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cybersketcher

(Archived) Password protected notes.

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Come on guys. Are you truly going to created an incredible software such as this and offer absolutely no way to password protect your notes and notebooks (with exception to the dinky little text encryption). Don't get me wrong, I'm not trashing you at all. I think you have a great product.

The problem is, however, that most (I'd say about 99.9%) of your users NEED the ability to secure their data. Otherwise, Evernote is useless to us. I want the ability to store my sensitive information in a common place, as would anyone. That includes silly photos and snippets from the web because I don't want someone snooping through my info of any kind.

Honestly, this is a no-brainer. I am having a hard time imagining why you didn't add this to your software...and it makes me wonder negative things such as "Are you trying to give yourselves access to all of my information?" What could possibly be the reason for you leaving this out. It's obviously not because you don't have the ability, there must be another reason.

It seems to me that you guys have been somewhat avoiding the answer this question (as I've seen, forgive me if you have already) and I do believe you owe it to us as your loyal users that you come out and give us a straight answer. Who's with me? I assure you, if you can provide a reasonable explanation, the Evernote community would be understanding. I can also assure you, that if you can't provide a reasonable explanation, you are going to lose my business. Not that it would hurt you much but I know that I'm not the only one that feels this way.

Again, I don't mean to sound ungrateful. Thank you so much for your hard work in putting this project together and offering it for free, but PLEASE, give us a decent response here. It's the least you could do in giving us some kind of assurance that we will see this feature in the future.

Thanks Guys,

Jeremy

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There's plenty of discussion in the forums on password protection, including commentary by Evernote staff (mainly Dav Engberg, the CTO) on their take. You can search for 'password protection to find it, if you care to.

~Jeff

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I have been following the discussion with interest and I think I know where the disconnect is.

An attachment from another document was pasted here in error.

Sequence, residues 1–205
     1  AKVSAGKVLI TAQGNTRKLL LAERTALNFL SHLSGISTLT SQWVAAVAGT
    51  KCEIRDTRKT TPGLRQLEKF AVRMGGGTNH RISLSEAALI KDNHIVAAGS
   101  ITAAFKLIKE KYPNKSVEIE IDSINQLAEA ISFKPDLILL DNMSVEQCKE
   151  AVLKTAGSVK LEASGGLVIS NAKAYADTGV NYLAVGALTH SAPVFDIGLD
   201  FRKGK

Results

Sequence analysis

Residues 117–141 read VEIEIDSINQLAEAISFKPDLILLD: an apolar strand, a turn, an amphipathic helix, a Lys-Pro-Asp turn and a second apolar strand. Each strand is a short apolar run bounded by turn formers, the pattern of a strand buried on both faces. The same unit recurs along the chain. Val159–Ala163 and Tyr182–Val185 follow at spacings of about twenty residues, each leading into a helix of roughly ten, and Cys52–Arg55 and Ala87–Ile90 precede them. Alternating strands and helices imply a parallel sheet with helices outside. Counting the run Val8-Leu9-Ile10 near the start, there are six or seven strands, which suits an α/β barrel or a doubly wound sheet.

As an analogy, let's say you have a safety deposit box at your local bank. In that box, you've put an incriminating picture of yourself during that lost weekend in Tijuana. As with all safety deposit boxes, the only way to gain access to that box is to either prove that you're the owner of the box, or provide a court warrant that says the owner has passed away and you're the executor of the owner's will. (I think.) Ideally, you want to do something to that incriminating picture... steganography perhaps... such that even the bank and the executor of your estate cannot see what you did that booze filled weekend.

Evernote's stand on the matter is that you should encrypt the picture before you put it into the deposit box. You and you alone are responsible for choosing a sufficiently strong enough encryption, and for managing the passwords and keys. From the discussion thread however, it sounds like a lot of people want Evernote to take on the responsibility of encrypting the box's contents, and managing the keys. Some folks want that kind of encryption to be the default. Such a feature would be useful if you wanted to read an encrypted note on your cellphone and can't exactly "mount" and decrypt the file. (I believe Dropbox does in fact encrypt all of their files in the cloud.)

Please correct me if I'm wrong.

I personally think that if Evernote's security is sufficiently strong enough to deter people from breaking into the safety deposit box to begin with, then it doesn't really matter whether that photo is encrypted or not. Additionally, I also think that encrypting the photo and any other notes at that point will not only dramatically slow down indexing and synchronization, it imposes the additional complexity of maintaining two passwords - one for access and one to decrypt. (Using the same password for both, defeats the purpose and in hindsight, I wonder why Dropbox even bothers.)

Now the question on my mind is, is Evernote doing a good enough job controlling access to the safety deposit box in the first place? The bank of course would get suspicious if 20 different people all showed up on the same day with fake credentials claiming to be me. Is Evernote taking the appropriate actions when random hackers target my account?

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IMO, my sensitive data is only safe in a scenario where I have a password & they don't. As you mentioned, Dropbox claims to store the data encrypted, but since they have a copy of my password (somewhere - they have to in order to validate my login) and they don't ask for a separate encryption password, then if a hacker got to my data, they can see my data.

EN's text encryption asks for a password - if you lose it, your encrypted data canNOT be recovered.

Jungle Disk allows you to add an encryption password & they advise you that if you lose it, your data canNOT be recovered. Same thing with Truecrypt.

Is Evernote taking the appropriate actions when random hackers target my account?

viewtopic.php?f=30&t=9583&p=37567#p46912

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Is Evernote taking the appropriate actions when random hackers target my account?

viewtopic.php?f=30&t=9583&p=37567#p46912

The question was asked in that thread but it got lost in the encryption discussion and it was never answered. I'm afraid to repost it there because I think it'll get lost again. In a nutshell...